Latest Kaiser Health News Stories
KHN has released never-before-seen details of federal audits as the government weighs action against dozens of Medicare Advantage plans.
New reductions in Medicare payments in 2023 will drive more doctors away from accepting Medicare patients, physicians say. They are again pushing back on efforts largely designed to control government spending.
Facing rare scrutiny from federal auditors, some Medicare Advantage health plans failed to produce any records to justify their payments, government records show. The audits revealed millions of dollars in overcharges to Medicare over three years.
A months-long KHN examination of the system meant to bar fraudsters from Medicaid, Medicare, and other federal health programs found gaping holes and expansive gray areas through which banned individuals slip to repeatedly bilk taxpayer-funded programs.
Sen. Raphael Warnock’s re-election in Georgia will give Democrats a clear-cut Senate majority for the first time in nearly a decade. Meanwhile, the current Congress has only days left to tackle major unfinished business on the health agenda, including fending off scheduled pay cuts for doctors and other health providers in the Medicare program. Joanne Kenen of the Johns Hopkins Bloomberg School of Public Health and Politico, Anna Edney of Bloomberg News, and Sandhya Raman of CQ Roll Call join KHN’s Julie Rovner to discuss these topics and more. Plus, for extra credit, the panelists recommend their favorite health policy stories of the week they think you should read, too.
Taxpayers had to foot the bills for care that should have cost far less, according to records released after KHN filed a lawsuit under the Freedom of Information Act. The government may seek to recover up to $650 million as a result.
Federal officials have apparently stopped fighting Georgia’s plan for a limited Medicaid expansion that includes work requirements. The plan, a key policy of Republican Gov. Brian Kemp’s, would cover a much smaller portion of the population: those who can work or volunteer 80 hours a month.
Más de 2 millones de personas de bajos ingresos, la mitad de ellos en Florida y Texas, no tienen seguro porque están atrapados en una brecha de cobertura. Y sus estados no han expandido Medicaid.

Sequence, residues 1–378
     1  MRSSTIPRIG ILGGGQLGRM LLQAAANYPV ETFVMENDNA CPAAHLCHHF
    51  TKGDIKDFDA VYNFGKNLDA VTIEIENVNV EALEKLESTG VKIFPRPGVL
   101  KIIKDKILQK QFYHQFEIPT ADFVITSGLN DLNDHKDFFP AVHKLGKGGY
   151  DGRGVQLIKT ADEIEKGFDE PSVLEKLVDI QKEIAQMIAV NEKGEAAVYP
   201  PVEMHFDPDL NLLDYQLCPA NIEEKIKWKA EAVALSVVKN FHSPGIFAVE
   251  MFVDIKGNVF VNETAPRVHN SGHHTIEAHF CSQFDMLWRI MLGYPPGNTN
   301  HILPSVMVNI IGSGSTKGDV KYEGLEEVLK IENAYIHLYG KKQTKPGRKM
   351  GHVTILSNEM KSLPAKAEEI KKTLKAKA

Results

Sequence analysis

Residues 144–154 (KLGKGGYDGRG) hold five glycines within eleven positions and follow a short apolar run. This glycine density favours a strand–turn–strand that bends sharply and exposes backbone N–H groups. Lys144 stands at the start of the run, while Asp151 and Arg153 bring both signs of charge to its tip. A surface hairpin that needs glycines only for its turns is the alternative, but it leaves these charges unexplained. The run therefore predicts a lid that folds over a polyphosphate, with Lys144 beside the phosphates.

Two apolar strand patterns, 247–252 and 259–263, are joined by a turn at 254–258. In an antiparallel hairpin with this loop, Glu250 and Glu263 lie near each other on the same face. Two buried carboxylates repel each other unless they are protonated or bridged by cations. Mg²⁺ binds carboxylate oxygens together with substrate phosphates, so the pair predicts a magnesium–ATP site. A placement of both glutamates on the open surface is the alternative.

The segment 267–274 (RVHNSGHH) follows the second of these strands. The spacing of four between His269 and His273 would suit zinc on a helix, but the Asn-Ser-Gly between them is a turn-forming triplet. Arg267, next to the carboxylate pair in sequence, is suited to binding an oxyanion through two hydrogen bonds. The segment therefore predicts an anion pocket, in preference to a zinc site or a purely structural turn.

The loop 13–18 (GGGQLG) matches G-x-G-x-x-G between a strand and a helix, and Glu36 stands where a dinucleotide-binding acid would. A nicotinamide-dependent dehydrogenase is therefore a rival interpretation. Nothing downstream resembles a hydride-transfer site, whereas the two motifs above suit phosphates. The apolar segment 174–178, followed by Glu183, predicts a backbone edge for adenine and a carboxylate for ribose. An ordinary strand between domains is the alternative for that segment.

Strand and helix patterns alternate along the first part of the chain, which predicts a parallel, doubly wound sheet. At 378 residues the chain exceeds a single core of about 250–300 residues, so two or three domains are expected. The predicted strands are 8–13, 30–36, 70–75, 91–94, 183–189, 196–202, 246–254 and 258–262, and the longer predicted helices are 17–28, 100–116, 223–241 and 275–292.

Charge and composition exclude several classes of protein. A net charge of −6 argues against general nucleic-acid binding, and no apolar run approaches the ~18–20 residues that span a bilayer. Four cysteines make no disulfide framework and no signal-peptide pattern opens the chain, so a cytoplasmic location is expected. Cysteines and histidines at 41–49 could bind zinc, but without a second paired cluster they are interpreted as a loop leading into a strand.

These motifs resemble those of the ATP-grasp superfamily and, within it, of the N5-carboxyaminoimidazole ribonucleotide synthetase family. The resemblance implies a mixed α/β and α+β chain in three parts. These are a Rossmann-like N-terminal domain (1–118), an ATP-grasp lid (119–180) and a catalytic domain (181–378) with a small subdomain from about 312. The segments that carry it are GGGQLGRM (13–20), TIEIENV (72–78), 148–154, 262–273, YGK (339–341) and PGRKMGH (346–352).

Low-income residents in states that haven’t expanded Medicaid are in a tough spot: They don’t qualify for the subsidies that people with slightly higher incomes get to buy marketplace plans because of a glitch in the federal health law. But a court decision last year makes it easier for them to make good-faith estimates of a pay increase, and there is no financial penalty if they don’t hit that figure.
In August, Congress approved a $35 cap on what seniors will pay for insulin, but that change came too late to add to the online tool that helps Medicare beneficiaries compare dozens of drug and medical plans. Federal officials say beneficiaries who use insulin will have the opportunity to switch plans after open enrollment ends Dec. 7.
Each year, Medicare punishes hospitals that have high rates of readmissions and high rates of infections and patient injuries. Check out which hospitals have been penalized.
Medicare can pay for some dental care if it is medically necessary to safely treat another covered medical condition, and federal officials have asked for suggestions on whether that list of conditions should be expanded.
The lawsuit was filed three years ago to learn about vast overcharges by the popular health plans that are detailed in audits the government refused to release to the public.
Private Medicare Advantage health plans are increasingly ending coverage for skilled nursing or rehab services before medical providers think patients are healthy enough to go home, doctors and patient advocates say.
In an industry obsessed with consumer satisfaction national patient surveys still don’t get at an important question: Are hospitals delivering culturally competent care?
A TV and social media ad offers a reason to check on the enforcement of a sweeping rule that requires hospitals to post information about what they charge insurers and cash-paying patients.
State and federal laws require health plans to offer accurate lists of participating doctors and facilities, but consumers still struggle to get timely appointments with providers.
A new federal rescue program that pays rural hospitals to shutter underused inpatient units and focus solely on emergency rooms and outpatient care hasn’t generated much interest yet.
The pandemic disrupted all sense of normalcy for U.S. hospitals, so federal officials are proposing to pause financial penalties against the facilities and to block public access to key hospital safety data — such as the frequency of falls and sepsis — because of concerns that the data isn’t accurate enough. But consumer advocates are furious about the proposal.
The Government Accountability Office and the Health and Human Services inspector general’s office say seniors enrolled in the program are suffering and taxpayers are getting bilked for billions of dollars a year.